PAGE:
Friday, 20 May 2011

Book review: SOLAR by Ian McEwan

Great writers don’t always write great books. And I do not mean they fail or write crappy ones – no, it’s just that sometimes they do it deliberately. They do it on purpose. This is like Graham Greene resorting to his ‘entertainment novels’, this is like Martin Amis coming up with Night Train after The Information, this is like a novelist going for a short story collection once in a while. A breather, an outlet for some smart and tempting thought that maybe won’t set the world on fire but that you are reluctant to throw away. Particularly with all that skill, talent you possess. 

Solar (2010) is a lovely little satirical novel from Ian McEwan. And by ‘little’ I do not mean the book’s length – in fact (and somewhat perversely), this novel is among McEwan’s longer ones. But whereas books like Amsterdam or Black Dogs were given the necessary weight by that serious, grave subject matter and McEwan’s no-nonsense style and vibe, Solar, while certainly not a comedy, reads like intellectual pulp fiction of superior quality. McEwan makes the human tragedy that is there approach farce so often that you are left with an odd feeling this is a kind of a Victorian novel informed by modern problems and realities. Not that I mind.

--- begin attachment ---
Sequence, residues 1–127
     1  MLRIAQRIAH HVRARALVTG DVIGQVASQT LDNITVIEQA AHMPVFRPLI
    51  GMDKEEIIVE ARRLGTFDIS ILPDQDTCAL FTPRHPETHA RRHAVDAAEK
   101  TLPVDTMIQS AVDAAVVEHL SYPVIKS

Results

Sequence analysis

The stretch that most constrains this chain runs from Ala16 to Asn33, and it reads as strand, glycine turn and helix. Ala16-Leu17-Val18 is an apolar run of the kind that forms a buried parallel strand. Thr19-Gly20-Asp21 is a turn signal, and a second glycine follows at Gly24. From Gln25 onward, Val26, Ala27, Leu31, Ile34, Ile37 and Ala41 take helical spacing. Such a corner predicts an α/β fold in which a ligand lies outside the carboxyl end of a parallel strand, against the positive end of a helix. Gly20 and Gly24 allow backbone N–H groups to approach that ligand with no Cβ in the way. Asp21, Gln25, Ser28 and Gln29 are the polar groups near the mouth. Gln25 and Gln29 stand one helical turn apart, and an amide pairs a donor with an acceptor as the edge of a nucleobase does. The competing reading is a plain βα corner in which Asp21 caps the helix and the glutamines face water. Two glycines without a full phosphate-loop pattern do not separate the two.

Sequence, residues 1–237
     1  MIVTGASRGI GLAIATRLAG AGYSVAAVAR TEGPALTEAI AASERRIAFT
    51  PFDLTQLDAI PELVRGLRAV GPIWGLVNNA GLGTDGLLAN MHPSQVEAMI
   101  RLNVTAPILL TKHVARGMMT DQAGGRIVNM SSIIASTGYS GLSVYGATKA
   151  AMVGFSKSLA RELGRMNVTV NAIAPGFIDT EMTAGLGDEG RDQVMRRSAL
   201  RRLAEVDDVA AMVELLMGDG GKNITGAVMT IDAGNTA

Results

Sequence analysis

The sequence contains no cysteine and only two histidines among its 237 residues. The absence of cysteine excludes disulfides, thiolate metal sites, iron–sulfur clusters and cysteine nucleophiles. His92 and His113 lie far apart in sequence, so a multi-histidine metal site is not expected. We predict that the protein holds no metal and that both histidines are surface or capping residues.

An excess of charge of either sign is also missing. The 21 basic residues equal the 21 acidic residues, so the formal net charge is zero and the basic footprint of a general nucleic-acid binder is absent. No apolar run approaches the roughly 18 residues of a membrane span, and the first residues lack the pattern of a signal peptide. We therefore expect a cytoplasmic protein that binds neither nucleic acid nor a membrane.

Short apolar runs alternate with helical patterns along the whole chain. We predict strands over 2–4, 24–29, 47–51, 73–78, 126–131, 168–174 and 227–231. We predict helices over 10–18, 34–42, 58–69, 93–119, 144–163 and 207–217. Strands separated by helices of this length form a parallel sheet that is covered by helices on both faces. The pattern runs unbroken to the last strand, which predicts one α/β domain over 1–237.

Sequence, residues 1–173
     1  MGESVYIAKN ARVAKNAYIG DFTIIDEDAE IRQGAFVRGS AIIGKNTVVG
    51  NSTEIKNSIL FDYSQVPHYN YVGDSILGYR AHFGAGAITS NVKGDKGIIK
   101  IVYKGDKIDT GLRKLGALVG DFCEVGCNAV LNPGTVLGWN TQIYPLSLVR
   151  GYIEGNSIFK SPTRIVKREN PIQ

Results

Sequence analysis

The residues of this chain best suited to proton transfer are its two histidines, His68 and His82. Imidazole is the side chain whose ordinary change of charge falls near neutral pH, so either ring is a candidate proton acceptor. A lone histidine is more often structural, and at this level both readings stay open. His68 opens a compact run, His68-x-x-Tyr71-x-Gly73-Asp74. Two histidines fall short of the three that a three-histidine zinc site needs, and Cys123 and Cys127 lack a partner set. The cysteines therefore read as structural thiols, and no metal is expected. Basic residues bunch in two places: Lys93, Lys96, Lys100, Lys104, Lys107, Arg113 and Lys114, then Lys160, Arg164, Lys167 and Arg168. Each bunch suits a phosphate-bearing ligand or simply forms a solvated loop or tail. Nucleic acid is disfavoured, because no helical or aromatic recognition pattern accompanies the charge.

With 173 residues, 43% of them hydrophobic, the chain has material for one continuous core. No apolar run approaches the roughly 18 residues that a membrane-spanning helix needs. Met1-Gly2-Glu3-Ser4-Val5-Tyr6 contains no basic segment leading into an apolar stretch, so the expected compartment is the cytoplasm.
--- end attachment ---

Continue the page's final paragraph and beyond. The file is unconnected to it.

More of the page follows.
In a nutshell, Solar is about a man who framed himself. Michael Beard, a Noble Prize winning physicist, leads a really messed-up family life. Which suits him fine up to a certain point: he learns that his fifth wife has the effrontery to cheat on him. With a builder and, to make matters even worse, with Beard’s colleague (from some imaginary research centre in Reading – they work on solar energy). The latter’s death in a freak accident is the onset of a rather grotesque plot that involves intellectual theft, inflated ego, treachery and possibly even a spot of real love. Beard gets caught up in a game he is bound to lose. Even if he does get so close to becoming the hero who saves the planet from global warming. So yes, the subject matter is indeed serious enough – but in the end it’s all about the way you present it. Ian McEwan does that in an amusing, accessible (though never chummy), thoroughly entertaining way. 

Still, we do get that snappy tragicomic feel at the end of the novel. The last few sentences are really powerful. And the image of an innocent loving girl running up to her doomed, confused father is as vivid and memorable as an author can get. 

Not a McEwan classic by any means (I bet he knows as much), but still a solid, moving book of a true master. Intelligent and addictive, the book might win him some fans. But most importantly, it makes one think of another Saturday that must be coming someday soon.


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